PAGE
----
3  
@HubertKario: The Bash maintainer has acknowledged the bug and stated that it will be fixed in the next release. – Dennis Williamson Jul 14 '12 at 14:27
echo "Hi All" | tr "[:upper:]" "[:lower:]"
share|improve this answer
    
+1 for not assuming english – Richard Hansen Feb 3 '12 at 19:00
4  
@RichardHansen: tr doesn't work for me for non-ACII characters. I do have correct locale set and locale files generated. Have any idea what could I be doing wrong? – Hubert Kario Jul 12 '12 at 16:56
    
FYI: This worked on Windows/Msys. Some of the other suggestions did not. – wasatchwizard Oct 23 '14 at 16:42

tr:

a="$(tr [A-Z] [a-z] <<< "$a")"

AWK:

{ print tolower($0) }

sed:

y/ABCDEFGHIJKLMNOPQRSTUVWXYZ/abcdefghijklmnopqrstuvwxyz/
share|improve this answer
1  
+1 a="$(tr [A-Z] [a-z] <<< "$a")" looks easiest to me. I am still a beginner... – Sandeepan Nath Feb 2 '11 at 11:12
5  
+1 I am now able to save the result to a freakin variable! – Mazyod Mar 10 '12 at 20:39
    
I strongly recommend the sed solution; I've been working in an environment that for some reason doesn't have tr but I've yet to find a system without sed, plus a lot of the time I want to do this I've just done something else in sed anyway so can chain the commands together into a single (long) statement. – Haravikk Oct 19 '13 at 12:54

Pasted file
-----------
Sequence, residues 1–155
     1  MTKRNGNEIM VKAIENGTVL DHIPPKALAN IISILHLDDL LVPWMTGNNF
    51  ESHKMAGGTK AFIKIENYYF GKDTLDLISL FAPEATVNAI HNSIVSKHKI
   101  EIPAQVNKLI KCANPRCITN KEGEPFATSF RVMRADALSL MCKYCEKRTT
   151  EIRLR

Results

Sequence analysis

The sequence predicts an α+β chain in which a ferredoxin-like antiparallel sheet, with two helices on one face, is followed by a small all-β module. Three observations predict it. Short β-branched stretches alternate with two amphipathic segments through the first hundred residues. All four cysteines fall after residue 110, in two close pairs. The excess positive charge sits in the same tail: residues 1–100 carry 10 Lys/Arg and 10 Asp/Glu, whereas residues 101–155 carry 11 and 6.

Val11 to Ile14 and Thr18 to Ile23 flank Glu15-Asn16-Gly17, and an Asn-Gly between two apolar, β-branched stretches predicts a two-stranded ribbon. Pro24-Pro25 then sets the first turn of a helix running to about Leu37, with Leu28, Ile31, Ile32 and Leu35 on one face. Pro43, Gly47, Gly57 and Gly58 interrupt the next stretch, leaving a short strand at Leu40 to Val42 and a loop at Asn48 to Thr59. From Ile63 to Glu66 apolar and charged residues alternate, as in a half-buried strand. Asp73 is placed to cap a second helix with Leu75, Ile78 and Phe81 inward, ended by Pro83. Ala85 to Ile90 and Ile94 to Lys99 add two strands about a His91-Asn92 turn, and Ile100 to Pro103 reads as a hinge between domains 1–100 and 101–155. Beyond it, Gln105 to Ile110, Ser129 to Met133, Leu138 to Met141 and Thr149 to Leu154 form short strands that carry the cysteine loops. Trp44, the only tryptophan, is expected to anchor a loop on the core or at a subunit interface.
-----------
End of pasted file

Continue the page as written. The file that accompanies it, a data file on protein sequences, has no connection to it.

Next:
1  
The bracket expressions should be quoted. In tr [A-Z] [a-z] A, the shell may perform filename expansion if there are filenames consisting of a single letter or nullgob is set. tr "[A-Z]" "[a-z]" A will behave properly. – Dennis Nov 6 '13 at 19:49
1  
@CamiloMartin it's a BusyBox system where I'm having that problem, specifically Synology NASes, but I've encountered it on a few other systems too. I've been doing a lot of cross-platform shell scripting lately, and with the requirement that nothing extra be installed it makes things very tricky! However I've yet to encounter a system without sed – Haravikk Jun 15 '14 at 10:51

In zsh:

echo $a:u

Gotta love zsh!

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3  
or $a:l for lower case conversion – Scott Smedley Jan 27 '11 at 5:39
1  
Hells yeah!!!!!! – g33kz0r Apr 13 '15 at 18:01
    
Add one more case: echo ${(C)a} #Upcase the first char only – biocyberman Jul 24 '15 at 23:26

I know this is an oldish post but I made this answer for another site so I thought I'd post it up here:

UPPER -> lower: use python:

b=`echo "print '$a'.lower()" | python`

Or Ruby:

b=`echo "print '$a'.downcase" | ruby`

Or Perl (probably my favorite):

b=`perl -e "print lc('$a');"`

Or PHP:

b=`php -r "print strtolower('$a');"`

Or Awk:

b=`echo "$a" | awk '{ print tolower($1) }'`

Or Sed:

b=`echo "$a" | sed 's/./\L&/g'`

Or Bash 4:

b=${a,,}

Or NodeJS if you have it (and are a bit nuts...):

b=`echo "console.log('$a'.toLowerCase());" | node`

You could also use dd (but I wouldn't!):

b=`echo "$a" | dd  conv=lcase 2> /dev/null`

lower -> UPPER:

use python:

b=`echo "print '$a'.upper()" | python`

Or Ruby:

b=`echo "print '$a'.upcase" | ruby`

Or Perl (probably my favorite):

b=`perl -e "print uc('$a');"`

Or PHP:

b=`php -r "print strtoupper('$a');"`

Or Awk:

b=`echo "$a" | awk '{ print toupper($1) }'`

Or Sed:

b=`echo "$a" | sed 's/./\U&/g'`

Or Bash 4:

b=${a^^}

Or NodeJS if you have it (and are a bit nuts...):

b=`echo "console.log('$a'.toUpperCase());" | node`

You could also use dd (but I wouldn't!):

b=`echo "$a" | dd  conv=ucase 2> /dev/null`